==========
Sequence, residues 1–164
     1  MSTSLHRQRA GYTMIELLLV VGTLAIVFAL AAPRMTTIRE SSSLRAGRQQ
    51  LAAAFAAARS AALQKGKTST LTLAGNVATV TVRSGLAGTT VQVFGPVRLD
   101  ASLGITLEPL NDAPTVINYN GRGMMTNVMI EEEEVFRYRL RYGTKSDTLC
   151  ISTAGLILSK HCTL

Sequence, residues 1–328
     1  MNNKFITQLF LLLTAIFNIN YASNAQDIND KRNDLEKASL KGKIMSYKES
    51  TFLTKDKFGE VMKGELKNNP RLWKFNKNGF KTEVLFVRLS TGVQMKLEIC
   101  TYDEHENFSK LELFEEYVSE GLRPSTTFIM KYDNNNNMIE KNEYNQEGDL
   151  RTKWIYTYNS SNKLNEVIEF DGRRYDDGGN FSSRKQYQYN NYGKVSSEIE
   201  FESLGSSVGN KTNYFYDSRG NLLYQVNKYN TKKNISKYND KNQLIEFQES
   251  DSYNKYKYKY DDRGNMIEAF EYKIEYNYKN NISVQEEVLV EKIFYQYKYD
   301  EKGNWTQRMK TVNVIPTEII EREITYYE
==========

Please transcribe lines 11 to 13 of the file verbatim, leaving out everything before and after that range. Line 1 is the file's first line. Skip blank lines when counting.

   201  FESLGSSVGN KTNYFYDSRG NLLYQVNKYN TKKNISKYND KNQLIEFQES
   251  DSYNKYKYKY DDRGNMIEAF EYKIEYNYKN NISVQEEVLV EKIFYQYKYD
   301  EKGNWTQRMK TVNVIPTEII EREITYYE